No leader is perfect, but the leader can lead perfectly within professional expectations despite personal flaws. Subsidiarity is a model/framework which allows this to flourish best and with various checks and balances. :wink: It can work in any system, because it is not a system, but a framework to improve system performance at all levels.

Adultery isn’t even in the purview of the President to “stop”, and if it became so, it represents an entire collapse from everything below him, and everything parallel to him at the equal level- i.e. the Church.

What you are saying in your last sentence is both correct, and apparently not understanding of how leadership works.

No leader is perfect, but the leader can lead perfectly within professional expectations despite personal flaws. Subsidiarity is a model/framework which allows this to flourish best and with various checks and balances. It can work in any system, because it is not a system, but a framework to improve system performance at all levels.

Technically, I’m pretty sure that it’s wrong to pass judgment on someone with the same sins. This position is the one I think the Summa Theologica adopts in the article “judgment”. Look it up on the internet via the new advent site.

Anyways, I’m not sure how subsidiarity is supposed to be a model that allows leadership to flourish with checks and balances, for doesn’t subsidiarity say that the estate that can naturally solve a problem should solve it unless it fails? So isn’t subsidiarity more objective than just a framework; isn’t it rather a doctrine founded on the nature, and therefore of the unchangeable, of certain social estates (families/corporations as such)? It’s not a system of checks and balances, isn’t it a system of society and understanding society?

Subsidiarity is an issue in and of itself. Then you have to ask well what level of government involvement do we want on how broad sweeping should it be. The argument of a lot of people who are promoting smaller centralized government is that these programs of subsidiarity could be run much more efficiently and effectively at the lower levels of government. The point being that a State like North Dakota does not have the same problems as Illinois and rather than have a broad sweeping program at the federal level, we should dish that money out to the states individually and let them handle it themselves.

To sum the philosophy up in one line: “Always choose the lowest effective level of government possible to enact programs from because this allows the greatest amount of control from the people the program is operating for”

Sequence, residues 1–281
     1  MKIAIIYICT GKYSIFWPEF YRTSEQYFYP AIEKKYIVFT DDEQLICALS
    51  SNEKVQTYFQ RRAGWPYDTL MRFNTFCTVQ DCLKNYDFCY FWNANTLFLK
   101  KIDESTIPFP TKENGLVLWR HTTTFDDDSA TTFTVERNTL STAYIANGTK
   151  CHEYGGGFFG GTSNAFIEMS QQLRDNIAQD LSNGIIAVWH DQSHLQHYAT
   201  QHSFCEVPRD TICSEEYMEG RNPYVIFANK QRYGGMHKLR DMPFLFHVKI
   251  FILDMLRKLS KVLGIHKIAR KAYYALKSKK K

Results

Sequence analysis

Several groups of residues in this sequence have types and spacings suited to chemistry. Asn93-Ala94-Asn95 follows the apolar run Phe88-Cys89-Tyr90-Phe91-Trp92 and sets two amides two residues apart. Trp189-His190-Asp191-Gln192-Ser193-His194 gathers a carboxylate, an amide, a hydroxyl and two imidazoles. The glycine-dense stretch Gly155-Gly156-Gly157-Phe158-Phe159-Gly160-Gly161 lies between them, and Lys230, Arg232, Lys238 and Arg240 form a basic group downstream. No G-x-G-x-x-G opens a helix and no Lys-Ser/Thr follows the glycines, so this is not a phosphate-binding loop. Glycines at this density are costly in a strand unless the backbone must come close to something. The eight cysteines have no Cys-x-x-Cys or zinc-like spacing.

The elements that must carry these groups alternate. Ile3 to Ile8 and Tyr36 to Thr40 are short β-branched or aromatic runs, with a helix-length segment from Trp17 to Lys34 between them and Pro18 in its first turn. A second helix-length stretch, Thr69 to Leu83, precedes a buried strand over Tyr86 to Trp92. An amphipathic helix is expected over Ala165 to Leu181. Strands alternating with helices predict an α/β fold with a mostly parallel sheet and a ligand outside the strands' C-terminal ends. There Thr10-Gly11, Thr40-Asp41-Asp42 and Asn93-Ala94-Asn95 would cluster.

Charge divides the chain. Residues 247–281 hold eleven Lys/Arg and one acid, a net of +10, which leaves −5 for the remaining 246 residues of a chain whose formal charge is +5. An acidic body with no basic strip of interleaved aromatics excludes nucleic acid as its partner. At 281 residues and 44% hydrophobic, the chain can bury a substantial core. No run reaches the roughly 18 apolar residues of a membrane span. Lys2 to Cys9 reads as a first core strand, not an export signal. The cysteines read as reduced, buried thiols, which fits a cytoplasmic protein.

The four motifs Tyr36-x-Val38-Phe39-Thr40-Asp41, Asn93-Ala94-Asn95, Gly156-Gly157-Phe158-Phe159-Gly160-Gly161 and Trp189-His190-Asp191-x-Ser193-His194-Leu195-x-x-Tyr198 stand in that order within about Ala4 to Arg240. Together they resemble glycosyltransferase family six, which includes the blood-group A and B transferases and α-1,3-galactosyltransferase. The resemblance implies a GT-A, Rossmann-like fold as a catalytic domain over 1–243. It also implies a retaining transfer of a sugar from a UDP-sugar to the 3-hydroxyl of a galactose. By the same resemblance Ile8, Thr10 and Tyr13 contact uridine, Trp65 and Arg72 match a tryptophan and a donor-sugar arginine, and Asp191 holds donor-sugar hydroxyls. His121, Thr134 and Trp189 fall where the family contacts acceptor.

For example if we are talking unemployment benefits some might argue that instead of having a federal program we should split it up and let the states run their own. The people of a State have a lot more control over the program they are living under then, than if they are under a broad sweeping federal program. This gives more power and more control to individual citizens and allows them to hold politicians more accountable since the ones at fault or to credit are at the state level and not the federal level.

A little more than this, IMO. There has been a whole sale abandonment of the principle of subsidiarity throughout the world. The desire for higher and higher forms of government to solve problems on a universal scale is always tempting for fallen man. No, I think traditionally,the principle of subsidiarity should be to leave issues at lower levels, until it was proven that did not work, at the lower level.

I agree with this. You want programs managed at the lowest level of government possible. The higher you go the more distant and broad stroked the programs become and you alienate the people you are representing. Its much harder for one citizen to hold the president accountable for something though then it is for that same citizen to hold his governor accountable.

Anyways, I’m not sure how subsidiarity is supposed to be a model that allows leadership to flourish with checks and balances, for doesn’t subsidiarity say that the estate that can naturally solve a problem should solve it unless it fails? So isn’t subsidiarity more objective than just a framework; isn’t it rather a doctrine founded on the nature, and therefore of the unchangeable, of certain social estates (families/corporations as such)? It’s not a system of checks and balances, isn’t it a system of society and understanding society?